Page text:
You need a 1.5 ton gamelan, and I know where you can get it

The wonderful Jon Singer has a weird sort of problem, and you are the sort of people who might help him. He is custodian of a traditional Javanese gamelan (~1.5t worth) and it needs a home. From Patrick Nielsen Hayden:

As some of you are aware, the small non-profit research institute that has employed Jon Singer for the past thirteen years is folding its tents, and he’s looking for a new situation. With luck he’ll find something that will make good use of his famously wide-ranging and eccentric talents.

Meanwhile, for reasons too complicated to explain—and yet perfectly Jon Singerish—he is currently spending over $200 a month to store a full-size gamelan, which is to say, a complete set of the instruments played by a traditional Javanese ensemble in both scales. Essentially, we’re talking about a ton and a half of bronze, plus various wooden bits and parts.

Fond though he is of traditional Indonesian music, Jon does not actually foresee having a constant need for this assemblage, and he would like it to find a good home. Interested parties should be prepared to either pick it up in person (Maryland suburbs of Washington, DC) or arrange for its carting and shipping. Inquiries should go to Jon Singer at

As Patrick mentions, Jon also needs a job. He's a pretty amazing dude.

Jon Singer’s problems are not like your problems

(Pictured: Part of Emory University’s gamelan, near-twin to Jon’s. Not pictured: Jon Singer’s friends’ complete lack of surprise upon hearing that his current logistical problem entails having become responsible for the storage of a one-and-a-half-ton set of highly specialized musical instruments.)


  1. When I was at CalArts they had two gamelan ensembles ( what’s the plural of gamelan ? Is it a noun or an adjective? 
    Anyway they had two of them in use 24/7 and it made me thankful no one could hear the kids learning how to use the Buchlas. I’m always surprised there aren’t any “bang along” jokes in Pixar movies. Maybe they need a third one?

  2. Living in Washington, why doesn’t he ask around the Indonesian embassy?  Probably more interest in gamelans there than most places in America.

    I would take it myself, but my apartment is small.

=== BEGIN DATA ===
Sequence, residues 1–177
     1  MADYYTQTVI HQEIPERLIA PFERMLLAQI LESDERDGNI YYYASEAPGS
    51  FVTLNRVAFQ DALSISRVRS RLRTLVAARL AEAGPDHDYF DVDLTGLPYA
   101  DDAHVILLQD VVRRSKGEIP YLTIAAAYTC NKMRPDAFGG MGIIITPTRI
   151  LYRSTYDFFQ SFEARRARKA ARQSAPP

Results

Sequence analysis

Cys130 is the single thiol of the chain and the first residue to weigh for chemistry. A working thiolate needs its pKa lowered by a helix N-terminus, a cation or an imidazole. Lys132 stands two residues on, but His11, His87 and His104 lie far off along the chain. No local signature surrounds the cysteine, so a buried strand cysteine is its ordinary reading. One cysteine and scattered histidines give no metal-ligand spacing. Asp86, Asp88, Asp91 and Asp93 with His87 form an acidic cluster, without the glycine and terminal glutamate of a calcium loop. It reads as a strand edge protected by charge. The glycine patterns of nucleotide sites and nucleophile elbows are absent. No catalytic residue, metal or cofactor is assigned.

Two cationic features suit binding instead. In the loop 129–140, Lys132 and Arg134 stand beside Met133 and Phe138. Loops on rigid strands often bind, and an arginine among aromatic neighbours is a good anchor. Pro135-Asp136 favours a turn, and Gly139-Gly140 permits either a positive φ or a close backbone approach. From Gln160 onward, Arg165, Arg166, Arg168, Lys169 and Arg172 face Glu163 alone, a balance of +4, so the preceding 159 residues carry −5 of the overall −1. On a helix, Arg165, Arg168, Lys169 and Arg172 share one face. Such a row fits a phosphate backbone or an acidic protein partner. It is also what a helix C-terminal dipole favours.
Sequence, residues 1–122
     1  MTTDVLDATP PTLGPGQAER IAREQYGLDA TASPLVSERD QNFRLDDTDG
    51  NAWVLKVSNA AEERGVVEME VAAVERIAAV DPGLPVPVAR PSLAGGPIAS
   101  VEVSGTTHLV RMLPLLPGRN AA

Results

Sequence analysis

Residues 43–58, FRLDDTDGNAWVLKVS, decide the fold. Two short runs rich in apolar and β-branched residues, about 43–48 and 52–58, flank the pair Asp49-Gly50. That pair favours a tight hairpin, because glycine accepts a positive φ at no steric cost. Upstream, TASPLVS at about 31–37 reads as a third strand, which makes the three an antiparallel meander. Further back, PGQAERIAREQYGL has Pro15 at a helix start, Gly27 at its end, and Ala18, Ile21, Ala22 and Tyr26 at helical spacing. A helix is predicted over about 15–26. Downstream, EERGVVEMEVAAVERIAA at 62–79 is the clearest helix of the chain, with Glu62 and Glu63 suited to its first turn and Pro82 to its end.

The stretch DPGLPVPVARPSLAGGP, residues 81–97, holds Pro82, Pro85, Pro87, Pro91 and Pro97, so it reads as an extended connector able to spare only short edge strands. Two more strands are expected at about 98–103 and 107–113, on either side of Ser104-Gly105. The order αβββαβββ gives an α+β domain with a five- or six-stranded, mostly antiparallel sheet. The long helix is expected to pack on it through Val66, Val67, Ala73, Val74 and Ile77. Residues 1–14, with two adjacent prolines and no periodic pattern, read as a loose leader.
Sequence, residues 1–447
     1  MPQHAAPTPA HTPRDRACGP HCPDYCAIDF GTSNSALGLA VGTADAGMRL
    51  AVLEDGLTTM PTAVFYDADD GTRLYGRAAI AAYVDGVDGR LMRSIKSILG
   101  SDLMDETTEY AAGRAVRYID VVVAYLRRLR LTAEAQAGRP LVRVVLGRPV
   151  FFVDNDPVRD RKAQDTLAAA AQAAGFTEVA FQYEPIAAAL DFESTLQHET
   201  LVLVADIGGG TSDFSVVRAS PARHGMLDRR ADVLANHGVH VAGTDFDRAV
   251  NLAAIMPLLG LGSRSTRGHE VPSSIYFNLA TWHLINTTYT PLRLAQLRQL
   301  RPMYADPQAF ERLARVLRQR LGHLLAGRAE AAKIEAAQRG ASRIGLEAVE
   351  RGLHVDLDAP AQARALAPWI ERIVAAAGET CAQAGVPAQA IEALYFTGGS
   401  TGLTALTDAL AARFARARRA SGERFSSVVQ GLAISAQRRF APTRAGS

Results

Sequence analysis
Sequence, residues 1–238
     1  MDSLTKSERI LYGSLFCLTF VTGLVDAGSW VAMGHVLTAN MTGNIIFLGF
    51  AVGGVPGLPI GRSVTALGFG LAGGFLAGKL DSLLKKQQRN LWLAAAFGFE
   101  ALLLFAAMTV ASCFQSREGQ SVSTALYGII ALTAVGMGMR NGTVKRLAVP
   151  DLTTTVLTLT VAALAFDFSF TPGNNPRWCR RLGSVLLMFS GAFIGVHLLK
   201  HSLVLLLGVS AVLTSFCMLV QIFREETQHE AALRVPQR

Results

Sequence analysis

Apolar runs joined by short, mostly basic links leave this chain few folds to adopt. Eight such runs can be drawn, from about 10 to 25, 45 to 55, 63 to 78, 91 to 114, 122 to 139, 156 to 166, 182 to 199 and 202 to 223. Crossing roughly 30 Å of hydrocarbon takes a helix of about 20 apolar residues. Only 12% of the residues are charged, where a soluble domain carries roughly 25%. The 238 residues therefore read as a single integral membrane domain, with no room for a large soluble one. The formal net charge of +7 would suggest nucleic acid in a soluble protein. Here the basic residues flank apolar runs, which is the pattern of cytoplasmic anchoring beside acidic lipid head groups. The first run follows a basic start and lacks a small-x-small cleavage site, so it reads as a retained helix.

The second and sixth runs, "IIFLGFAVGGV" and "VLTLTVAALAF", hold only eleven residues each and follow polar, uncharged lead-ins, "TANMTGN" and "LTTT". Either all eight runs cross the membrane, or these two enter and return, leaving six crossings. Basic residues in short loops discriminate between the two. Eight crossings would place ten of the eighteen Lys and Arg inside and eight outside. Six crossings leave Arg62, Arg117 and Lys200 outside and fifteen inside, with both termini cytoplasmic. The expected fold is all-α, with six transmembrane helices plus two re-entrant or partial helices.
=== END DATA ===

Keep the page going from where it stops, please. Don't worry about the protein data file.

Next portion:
1. The embassy hosted gamelan concerts at one point, though I haven’t checked in a while.

      The Joss website says it (or the place where they receive mail) is a few miles from my home.  I have a basement full of unused instruments, and I promised my wife I’d re-do the floor down there, so I’m kind of on the fence about this one.

      EDIT: Sad thing is that there may have been room to spare for the giant Humpty Hump head.

    2. IIRC, on occasion, Jon has played (gamelans) at the Indonesian embassy in D.C., so i would assume that possibility didn’t work out if we’re reading this.

  3. Wesleyan (in CT, to forestall any potential confusion) has a gamelan hall built to house its own, and a great world music program, to boot…

  4. Time is a factor. Jon was the Resident Researcher at the Joss Institute, so he’s lost both home and job. 

  5. Florida State University has a gamelan, maybe they want a spare…

    E-mail of the professor in charge of the gamelan ensemble:

    Em Bee A Kay A Enn AT Eff Ess You Dot Eee Dee Ewe

    1. If you don’t have room to store a gamelan, how on earth will you have room to store a cloud? Those things are huge.

  6. The Dutch usually just melted them down & carried off the bronze.  Increases gamelan portability by over 250%, at a negligible cost to one’s immortal soul.  Highly recommended!

  7. Gamelatron is the best home for this collection.  Let it live through Taylor’s work.  I’ve seen his installations, executed without pretense, pure music.  Let this collection travel.  Let Taylor be the shepherd.  He can carry this burden lightly to audiences not seen within four walls.  Let this collection fly!  It’s what the original smiths would have barely been able to dream of.  Metal on wings of inspiration.  Played by ghosts perhaps.  But shedding their human summoners, these gongs can reach new ears few could have dreamed of reaching.

  8. We would love to put it to use at Jacksonville University in Florida.
    Email me at

    The gamelan would have a loving home until you wish it to be returned.

    All the best.


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